The brothers passed the night this way, digging up the urns of Clanton’s townspeople and dumping them into a burlap sack. Jude, the mercenary he was, even began to chip away at the bronze plaques on the newer headstones, mangling the names in the process. They loaded their spoils into the back of their truck as the sun peaked out over the hills, and with a few sputters of the engine, they were gone. In one night, the brothers wiped away two centuries of Clanton’s history, leaving only two plots undisturbed.

Had Jude been less imaginative and Petey a little smarter, they would have thought to break the flimsy locks on the church doors and steal the collection box. Had they still been so hellbent on collecting scrap metal to sell, they would have thought to grab the golden candelabras, or even the silver collection tray itself. But this never occurred to the pair, even as they barrelled down I-65 with their seatbelts off and the urns rattling around in the truck bed. They paid no mind to the JESUS SAVES sign posted on a telephone pole, nor the white cross, adorned with withering wreaths, planted on the side of the highway. Jude spent the car ride to Tuscaloosa whooping and cursing Clanton, betting how much money he would fetch from this much brass and bronze while Petey leaned his good cheek on his hand and stared out the window, thinking up an impressive story to explain away his new scar. Satisfied, the two paid no mind to the ashes streaming out from the sack behind them, marrying the wind as they sped.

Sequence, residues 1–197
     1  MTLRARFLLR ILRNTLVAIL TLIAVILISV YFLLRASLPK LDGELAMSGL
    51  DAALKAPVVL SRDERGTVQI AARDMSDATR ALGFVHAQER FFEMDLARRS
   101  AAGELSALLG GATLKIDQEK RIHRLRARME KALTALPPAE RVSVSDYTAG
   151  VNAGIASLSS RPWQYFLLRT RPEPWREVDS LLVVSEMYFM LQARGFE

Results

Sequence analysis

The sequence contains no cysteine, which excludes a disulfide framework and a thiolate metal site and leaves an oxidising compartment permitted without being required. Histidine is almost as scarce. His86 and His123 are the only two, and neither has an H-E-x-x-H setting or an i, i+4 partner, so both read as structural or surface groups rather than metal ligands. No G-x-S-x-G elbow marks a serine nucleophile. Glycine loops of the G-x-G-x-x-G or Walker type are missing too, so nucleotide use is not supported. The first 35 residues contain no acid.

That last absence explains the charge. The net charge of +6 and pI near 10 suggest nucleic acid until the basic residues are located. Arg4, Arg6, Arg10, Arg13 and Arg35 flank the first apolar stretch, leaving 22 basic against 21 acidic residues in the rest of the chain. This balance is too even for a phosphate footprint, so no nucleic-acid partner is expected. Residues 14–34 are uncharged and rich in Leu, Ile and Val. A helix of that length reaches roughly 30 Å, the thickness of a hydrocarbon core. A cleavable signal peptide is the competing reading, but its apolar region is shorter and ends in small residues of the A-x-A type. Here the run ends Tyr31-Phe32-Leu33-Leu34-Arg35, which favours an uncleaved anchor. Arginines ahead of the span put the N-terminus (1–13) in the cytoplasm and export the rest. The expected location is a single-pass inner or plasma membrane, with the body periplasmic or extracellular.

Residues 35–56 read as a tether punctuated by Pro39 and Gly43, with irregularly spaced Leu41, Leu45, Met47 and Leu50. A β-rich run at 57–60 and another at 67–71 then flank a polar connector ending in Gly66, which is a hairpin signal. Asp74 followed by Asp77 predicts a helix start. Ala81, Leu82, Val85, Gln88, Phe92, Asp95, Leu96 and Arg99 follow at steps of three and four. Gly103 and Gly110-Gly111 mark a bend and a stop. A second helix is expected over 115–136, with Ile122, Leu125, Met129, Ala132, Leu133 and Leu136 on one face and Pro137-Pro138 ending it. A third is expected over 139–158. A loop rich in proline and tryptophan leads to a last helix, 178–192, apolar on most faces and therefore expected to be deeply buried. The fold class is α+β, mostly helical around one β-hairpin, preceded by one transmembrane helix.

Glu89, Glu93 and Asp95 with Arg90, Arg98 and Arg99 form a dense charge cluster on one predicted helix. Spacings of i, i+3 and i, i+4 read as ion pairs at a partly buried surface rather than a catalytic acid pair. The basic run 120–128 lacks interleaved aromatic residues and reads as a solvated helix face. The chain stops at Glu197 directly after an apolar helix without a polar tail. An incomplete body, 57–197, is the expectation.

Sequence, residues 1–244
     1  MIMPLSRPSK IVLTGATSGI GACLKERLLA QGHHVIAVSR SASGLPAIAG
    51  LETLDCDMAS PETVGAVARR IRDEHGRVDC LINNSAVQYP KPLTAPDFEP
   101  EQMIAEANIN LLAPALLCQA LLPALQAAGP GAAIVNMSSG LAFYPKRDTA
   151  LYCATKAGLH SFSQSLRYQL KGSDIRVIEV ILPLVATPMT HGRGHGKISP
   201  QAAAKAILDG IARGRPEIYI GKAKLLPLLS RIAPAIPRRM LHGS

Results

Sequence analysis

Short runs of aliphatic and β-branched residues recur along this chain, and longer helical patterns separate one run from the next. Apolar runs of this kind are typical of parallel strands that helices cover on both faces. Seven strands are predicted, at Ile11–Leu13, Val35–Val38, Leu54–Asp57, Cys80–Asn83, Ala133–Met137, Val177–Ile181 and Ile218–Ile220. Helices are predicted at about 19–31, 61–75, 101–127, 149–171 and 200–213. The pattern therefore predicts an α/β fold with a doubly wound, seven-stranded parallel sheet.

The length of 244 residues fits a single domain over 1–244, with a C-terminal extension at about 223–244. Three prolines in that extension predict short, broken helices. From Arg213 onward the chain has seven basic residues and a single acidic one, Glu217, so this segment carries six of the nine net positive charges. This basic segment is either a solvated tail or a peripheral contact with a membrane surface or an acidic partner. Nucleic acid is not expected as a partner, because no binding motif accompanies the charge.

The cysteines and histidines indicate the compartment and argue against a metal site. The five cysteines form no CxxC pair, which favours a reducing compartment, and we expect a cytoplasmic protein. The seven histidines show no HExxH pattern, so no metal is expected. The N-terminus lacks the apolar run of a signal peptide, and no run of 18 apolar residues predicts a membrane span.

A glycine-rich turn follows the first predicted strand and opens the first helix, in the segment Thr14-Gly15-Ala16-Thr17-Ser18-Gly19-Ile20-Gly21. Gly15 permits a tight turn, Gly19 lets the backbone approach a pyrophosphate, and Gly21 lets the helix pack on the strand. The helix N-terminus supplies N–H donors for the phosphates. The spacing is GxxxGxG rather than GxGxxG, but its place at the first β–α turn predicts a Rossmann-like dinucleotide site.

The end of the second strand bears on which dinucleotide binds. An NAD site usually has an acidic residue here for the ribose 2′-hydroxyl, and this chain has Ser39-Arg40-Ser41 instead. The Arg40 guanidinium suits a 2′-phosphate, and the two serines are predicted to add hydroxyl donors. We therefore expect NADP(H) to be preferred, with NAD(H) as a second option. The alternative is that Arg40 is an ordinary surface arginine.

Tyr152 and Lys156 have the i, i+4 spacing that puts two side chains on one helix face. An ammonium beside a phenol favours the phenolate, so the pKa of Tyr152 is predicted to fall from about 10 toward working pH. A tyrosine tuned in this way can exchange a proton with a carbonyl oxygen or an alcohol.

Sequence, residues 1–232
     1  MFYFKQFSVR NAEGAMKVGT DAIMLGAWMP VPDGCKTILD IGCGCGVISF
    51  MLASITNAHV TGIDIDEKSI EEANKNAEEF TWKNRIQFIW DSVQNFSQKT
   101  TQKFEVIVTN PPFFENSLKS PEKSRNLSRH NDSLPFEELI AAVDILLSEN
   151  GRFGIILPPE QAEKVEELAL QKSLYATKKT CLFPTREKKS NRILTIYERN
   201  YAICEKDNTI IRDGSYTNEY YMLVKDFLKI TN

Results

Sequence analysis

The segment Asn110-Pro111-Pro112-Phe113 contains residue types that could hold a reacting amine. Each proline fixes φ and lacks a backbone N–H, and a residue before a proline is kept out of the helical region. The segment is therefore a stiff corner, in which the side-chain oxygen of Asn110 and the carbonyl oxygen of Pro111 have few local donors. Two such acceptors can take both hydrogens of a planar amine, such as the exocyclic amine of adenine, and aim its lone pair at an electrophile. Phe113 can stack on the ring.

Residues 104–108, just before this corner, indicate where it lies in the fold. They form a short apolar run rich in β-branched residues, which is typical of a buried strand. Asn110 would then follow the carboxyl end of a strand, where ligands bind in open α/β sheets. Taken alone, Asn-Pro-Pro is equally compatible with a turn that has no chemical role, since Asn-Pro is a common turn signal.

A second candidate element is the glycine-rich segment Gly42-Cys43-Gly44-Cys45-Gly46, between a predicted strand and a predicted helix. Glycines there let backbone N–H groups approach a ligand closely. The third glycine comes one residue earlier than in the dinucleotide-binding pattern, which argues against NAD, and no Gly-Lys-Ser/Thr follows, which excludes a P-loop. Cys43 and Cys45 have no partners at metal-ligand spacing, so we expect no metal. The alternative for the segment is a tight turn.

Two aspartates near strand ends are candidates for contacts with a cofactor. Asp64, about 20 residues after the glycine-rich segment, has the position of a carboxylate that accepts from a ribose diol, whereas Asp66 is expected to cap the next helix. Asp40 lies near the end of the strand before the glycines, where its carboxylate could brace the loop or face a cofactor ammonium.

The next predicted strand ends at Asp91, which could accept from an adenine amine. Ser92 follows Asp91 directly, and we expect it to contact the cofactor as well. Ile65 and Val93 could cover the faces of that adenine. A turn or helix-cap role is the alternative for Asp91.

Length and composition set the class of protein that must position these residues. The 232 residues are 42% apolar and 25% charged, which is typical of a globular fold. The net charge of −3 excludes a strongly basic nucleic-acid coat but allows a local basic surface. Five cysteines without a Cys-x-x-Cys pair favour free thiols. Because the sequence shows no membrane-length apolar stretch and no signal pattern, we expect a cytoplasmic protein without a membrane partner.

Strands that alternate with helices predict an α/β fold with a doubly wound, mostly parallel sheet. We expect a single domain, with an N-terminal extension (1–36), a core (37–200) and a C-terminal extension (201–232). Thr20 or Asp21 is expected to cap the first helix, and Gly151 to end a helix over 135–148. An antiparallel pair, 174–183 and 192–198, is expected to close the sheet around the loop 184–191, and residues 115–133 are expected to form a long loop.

Eliza Tucker is a freshman majoring in journalism in Medill with interests in creative writing and design!